Educator of young minds by day, super nerdy savior of justice and cute things by night, Morgan Straughan Comnick has a love for turning the normal into something special without losing its essence. Morgan draws from real life experiences and her ongoing imagination to spark her writing. In her spare time, she enjoys doing goofy voices, traveling to new worlds by turning pages, humming child-like songs, and forcing people to smile with her “bubbliness.” It is Morgan’s mission in life to spread the amazement of otaku/Japanese culture to the world and to stop bullying; she knows everyone shines brightly. Learn more about Morgan, her works, and what’s she up to at her website and blog: http://morganscomnick.com.
Reading has become a critical study in recent child development. Science keeps proving how a child being read to as early as possible is so beneficial. Not only that, but parents are seeing how much young children like grabbing a book and learning to try the pages, becoming naturals in no time. It may be the age of technology, but it is also the era of books. (Tweet this)
As children grow, they realize characters in books are their own beings, not just a drawing that their parents’ voice. When this realization occurs, children then find characters they want to be like. I like to refer them as book heroes. Sure, children like the story about cute bunnies who befriends a lonely critter, but when they are looking for a hero to emulate, children seek characters with traits of what they know already: people in their lives. But, there is a twist! These book heroes also can do something amazing, something out of this world that makes their imaginations soar!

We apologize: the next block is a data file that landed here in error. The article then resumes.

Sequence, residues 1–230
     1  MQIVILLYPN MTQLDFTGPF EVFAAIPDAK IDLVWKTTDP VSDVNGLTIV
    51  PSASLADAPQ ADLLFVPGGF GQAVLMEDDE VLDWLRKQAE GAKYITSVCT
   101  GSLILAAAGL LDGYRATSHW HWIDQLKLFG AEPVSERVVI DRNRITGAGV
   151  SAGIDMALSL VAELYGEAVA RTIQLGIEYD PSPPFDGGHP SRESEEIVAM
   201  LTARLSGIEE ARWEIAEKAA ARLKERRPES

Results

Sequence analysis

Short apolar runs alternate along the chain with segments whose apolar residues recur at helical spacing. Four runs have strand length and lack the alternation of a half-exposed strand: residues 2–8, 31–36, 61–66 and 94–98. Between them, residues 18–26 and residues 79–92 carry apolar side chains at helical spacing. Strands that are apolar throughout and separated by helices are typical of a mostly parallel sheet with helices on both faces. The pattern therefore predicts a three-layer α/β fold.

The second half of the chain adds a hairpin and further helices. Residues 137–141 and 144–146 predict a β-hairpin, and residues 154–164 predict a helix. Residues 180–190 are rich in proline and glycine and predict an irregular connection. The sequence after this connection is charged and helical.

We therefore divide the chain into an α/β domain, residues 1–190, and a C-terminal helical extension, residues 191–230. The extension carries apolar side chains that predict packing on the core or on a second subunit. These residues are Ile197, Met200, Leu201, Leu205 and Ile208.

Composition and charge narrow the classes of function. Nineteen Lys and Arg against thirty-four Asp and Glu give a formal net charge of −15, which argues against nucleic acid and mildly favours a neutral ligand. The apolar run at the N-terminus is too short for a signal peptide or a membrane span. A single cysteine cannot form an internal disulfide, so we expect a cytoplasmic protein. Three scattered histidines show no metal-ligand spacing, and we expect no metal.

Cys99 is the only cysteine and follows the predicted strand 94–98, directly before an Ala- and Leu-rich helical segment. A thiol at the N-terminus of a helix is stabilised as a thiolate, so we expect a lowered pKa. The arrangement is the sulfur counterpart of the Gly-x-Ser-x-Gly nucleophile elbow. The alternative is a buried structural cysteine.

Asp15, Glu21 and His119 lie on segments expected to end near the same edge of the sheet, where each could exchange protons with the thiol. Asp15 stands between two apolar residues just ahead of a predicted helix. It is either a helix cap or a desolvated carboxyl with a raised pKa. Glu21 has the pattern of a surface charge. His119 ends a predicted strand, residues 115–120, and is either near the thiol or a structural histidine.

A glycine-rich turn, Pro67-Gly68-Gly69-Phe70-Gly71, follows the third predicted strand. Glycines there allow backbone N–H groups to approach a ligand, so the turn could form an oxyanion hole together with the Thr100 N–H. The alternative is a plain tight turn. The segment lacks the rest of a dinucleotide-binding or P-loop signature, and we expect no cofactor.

I tend to think of examples in these early school years like Captain Underpants, who is funny and helps others, but can fly (plus, the fact he only wears underpants and a cape is a riot). Maybe their male figure is funny and is always saving them from cuts or a fear of heights. I also adore the spunky kindergartener, Junie B. Jones created by the late and talented Barbra Park. Junie is not a superhero, but she is loud, creative, and not afraid of anything, causing many over the top adventures in each book. Students may think of a sibling this way and wish to be that brave and bold. After observing a hero like Junie, they slowly become that way too.
I work with seventh and eighth graders, who are well into chapter books. I also work with students who tend to not like to read. Yet, these kiddos have been the new target audience for authors and new heroes are emerging. This excites me since these young people need good heroes to look up in this critical time of development. (Tweet this)
When I asked my students why they liked the following book series, I recorded the most common answers:
Hunger Games series: A cool world where I can be chosen to battle other kids to the death! Awesome!
Percy Jackson/Heroes of Olympus series: I could be a demigod with powers! I can play capture the flag to the death, go out in the real world and kill monsters! Who wouldn’t want to be Percy Jackson?